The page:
Saturday, June 09, 2007

Texas A&M let No. 1 slip away, 3-2

Rice's Diego Seastrunk (left) forces out Texas A&M's Kyle Colligan at third base on a sixth-inning sacrifice attempt.

Right-hander Kyle Nicholson is the heart and soul of Texas A&M's pitching staff. He's an Aggie through and through. Even grew up in College Station and went to high school at A&M Consolidated.

But at the biggest moment of the biggest game of A&M's season, Nicholson found himself heading toward the dugout.

Pulling an All-American off the mound can't be easy. A&M coach Rob Childress did that in the 10th inning on Friday with his team locked in a game against No. 1-ranked Rice tied 2-2.

Inserting reliever Gary Campfield made sense at the time. But Jordan Dodson hit Campfield's first offering into left field, and Rice's Danny Lehmann chugged home for the winning run in a 3-2 victory in the NCAA super regionals.

The fourth-largest crowd in Reckling Park history was seemingly split 50/50 among A&M fans and Rice supporters. The 5,074 fans were half elated, half dejected.

"First pitch, I was definitely looking for the fastball in," Dodson said, "and he threw it exactly where I thought he would."

Rice (53-12) is one victory away from going to the College World Series for the second straight year. Game 2 in the best-of-3 format is 5 p.m. today.

The Owls will start right-hander Matt Langwell (7-1, 1.73 ERA). The Aggies will go with Kirkland Rivers (2-3, 5.61) or Kyle Thebeau (3-5, 4.50).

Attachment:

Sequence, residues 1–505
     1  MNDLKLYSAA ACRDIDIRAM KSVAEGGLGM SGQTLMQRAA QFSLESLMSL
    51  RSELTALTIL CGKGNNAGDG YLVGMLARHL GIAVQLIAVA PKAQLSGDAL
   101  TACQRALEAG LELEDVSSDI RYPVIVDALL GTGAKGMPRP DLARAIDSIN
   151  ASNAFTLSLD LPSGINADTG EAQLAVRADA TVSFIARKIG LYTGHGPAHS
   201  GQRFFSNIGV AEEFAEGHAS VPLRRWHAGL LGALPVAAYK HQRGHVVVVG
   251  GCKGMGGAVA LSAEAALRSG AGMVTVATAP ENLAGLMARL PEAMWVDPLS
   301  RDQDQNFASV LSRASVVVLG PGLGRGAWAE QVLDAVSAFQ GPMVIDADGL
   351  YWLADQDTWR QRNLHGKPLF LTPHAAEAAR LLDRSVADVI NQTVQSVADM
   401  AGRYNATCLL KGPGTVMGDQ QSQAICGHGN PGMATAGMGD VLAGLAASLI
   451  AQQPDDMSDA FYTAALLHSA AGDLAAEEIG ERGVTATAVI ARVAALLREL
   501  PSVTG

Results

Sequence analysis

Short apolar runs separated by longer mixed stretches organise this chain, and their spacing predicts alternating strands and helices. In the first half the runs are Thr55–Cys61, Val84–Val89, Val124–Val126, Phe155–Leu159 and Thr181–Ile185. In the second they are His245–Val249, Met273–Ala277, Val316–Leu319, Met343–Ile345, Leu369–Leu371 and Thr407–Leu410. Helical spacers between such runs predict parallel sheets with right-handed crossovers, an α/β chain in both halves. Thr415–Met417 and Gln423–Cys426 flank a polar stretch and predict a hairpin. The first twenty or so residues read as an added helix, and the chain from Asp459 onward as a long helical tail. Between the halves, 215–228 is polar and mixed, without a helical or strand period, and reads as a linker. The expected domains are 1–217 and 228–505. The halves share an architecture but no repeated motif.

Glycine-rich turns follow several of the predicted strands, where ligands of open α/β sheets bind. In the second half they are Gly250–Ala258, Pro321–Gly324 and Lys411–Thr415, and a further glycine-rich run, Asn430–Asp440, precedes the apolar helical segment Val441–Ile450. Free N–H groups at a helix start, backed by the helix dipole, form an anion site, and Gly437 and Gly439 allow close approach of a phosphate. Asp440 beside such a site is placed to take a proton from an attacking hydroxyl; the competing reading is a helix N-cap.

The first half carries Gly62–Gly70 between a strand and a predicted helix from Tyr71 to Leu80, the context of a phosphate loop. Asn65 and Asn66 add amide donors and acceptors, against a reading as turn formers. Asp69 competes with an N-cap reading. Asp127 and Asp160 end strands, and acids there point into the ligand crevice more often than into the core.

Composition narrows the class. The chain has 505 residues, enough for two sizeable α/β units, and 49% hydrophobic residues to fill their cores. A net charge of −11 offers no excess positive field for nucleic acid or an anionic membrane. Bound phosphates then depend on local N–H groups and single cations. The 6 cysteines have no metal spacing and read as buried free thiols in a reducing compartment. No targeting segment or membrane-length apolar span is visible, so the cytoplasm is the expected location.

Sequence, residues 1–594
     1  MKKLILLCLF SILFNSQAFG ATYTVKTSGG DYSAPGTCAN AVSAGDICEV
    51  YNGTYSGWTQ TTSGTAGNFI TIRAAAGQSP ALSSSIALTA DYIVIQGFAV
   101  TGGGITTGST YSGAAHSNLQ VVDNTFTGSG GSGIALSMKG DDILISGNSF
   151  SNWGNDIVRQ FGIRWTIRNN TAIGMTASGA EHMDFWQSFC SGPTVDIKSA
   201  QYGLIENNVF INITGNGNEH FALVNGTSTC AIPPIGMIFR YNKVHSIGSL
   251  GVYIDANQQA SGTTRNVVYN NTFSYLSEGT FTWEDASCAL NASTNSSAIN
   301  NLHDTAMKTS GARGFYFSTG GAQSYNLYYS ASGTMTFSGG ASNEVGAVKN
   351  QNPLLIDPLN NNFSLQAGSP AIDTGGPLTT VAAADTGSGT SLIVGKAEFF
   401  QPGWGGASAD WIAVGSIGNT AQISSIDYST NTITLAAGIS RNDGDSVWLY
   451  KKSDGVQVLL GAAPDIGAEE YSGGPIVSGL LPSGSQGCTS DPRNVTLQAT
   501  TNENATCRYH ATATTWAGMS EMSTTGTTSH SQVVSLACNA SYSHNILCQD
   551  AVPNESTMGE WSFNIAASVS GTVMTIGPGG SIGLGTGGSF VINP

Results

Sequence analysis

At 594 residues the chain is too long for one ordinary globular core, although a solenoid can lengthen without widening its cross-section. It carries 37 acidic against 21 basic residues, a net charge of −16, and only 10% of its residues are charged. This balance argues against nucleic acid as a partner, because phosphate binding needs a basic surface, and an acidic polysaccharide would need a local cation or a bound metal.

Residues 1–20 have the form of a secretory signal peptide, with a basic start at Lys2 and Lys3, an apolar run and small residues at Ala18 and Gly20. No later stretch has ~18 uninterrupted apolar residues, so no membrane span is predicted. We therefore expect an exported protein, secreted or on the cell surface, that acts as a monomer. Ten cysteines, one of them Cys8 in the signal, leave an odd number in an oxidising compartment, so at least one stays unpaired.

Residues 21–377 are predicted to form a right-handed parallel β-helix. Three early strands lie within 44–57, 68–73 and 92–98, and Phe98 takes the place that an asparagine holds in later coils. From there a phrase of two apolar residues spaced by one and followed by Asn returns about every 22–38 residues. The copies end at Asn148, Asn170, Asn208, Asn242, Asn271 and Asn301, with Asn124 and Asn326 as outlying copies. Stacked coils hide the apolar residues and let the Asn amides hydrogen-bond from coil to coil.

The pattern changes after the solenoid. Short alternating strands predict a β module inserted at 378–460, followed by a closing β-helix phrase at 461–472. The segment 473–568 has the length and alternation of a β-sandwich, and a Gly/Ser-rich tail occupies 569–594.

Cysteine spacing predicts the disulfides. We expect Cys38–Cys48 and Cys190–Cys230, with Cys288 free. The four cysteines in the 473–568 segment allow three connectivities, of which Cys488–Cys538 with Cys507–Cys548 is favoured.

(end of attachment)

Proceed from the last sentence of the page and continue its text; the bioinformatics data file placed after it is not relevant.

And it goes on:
Childress hasn't been afraid to call on any of his pitchers in the postseason. They've rewarded him so far. Pulling Nicholson in the 10th made sense, Childress said, because Dodson led off the ninth with a sharp single through the left side.

"We needed a different look on him," Childress said. "It was the right move, and I'd make it again tomorrow."

The Aggies (48-18) may not have been in that predicament if their defense hadn't failed them earlier.

At this point in the season, the statistics don't lie. If the numbers say you're a bad defensive team, then you're a bad defensive team. And any team with 100 errors is a bad defensive team. The Aggies made three errors against the Owls and have 101 errors for the year.

In the fifth, Rice's J.P. Padron hit an easy chopper to third, and Brian Ruggiano handled it with ease. But then Ruggiano threw wide of the bag, and Padron collided with Blake Stouffer for an error.

The next batter, Brian Friday, hit an easy grounder to short, and Brandon Hicks simply didn't get his glove on the ground. The ball went through his legs for an error, and pinch-runner Derek Myers scored to cut A&M's 2-0 lead in half.

"We got out of it only giving up one run," Childress said. "It could have been a lot worse."

That unearned run proved huge when Diego Seastrunk hit a RBI single off Nicholson in the bottom of the ninth. It looked as if A&M's Kyle Colligan could have made a diving catch. But he let the ball bounce in front of him and the score was tied, 2-2.

A&M's David Newmann and Rice's Ryan Berry had solid outings. Newmann went six innings and allowed only three hits for the Aggies. Berry allowed two runs in 7 1/3 innings for the Owls.

Both teams knew coming in this series was relatively evenly matched. Little mistakes would get magnified greatly. If the Aggies make more little mistakes today, their season will be over.


Rice Recap

Texas A&M Recap

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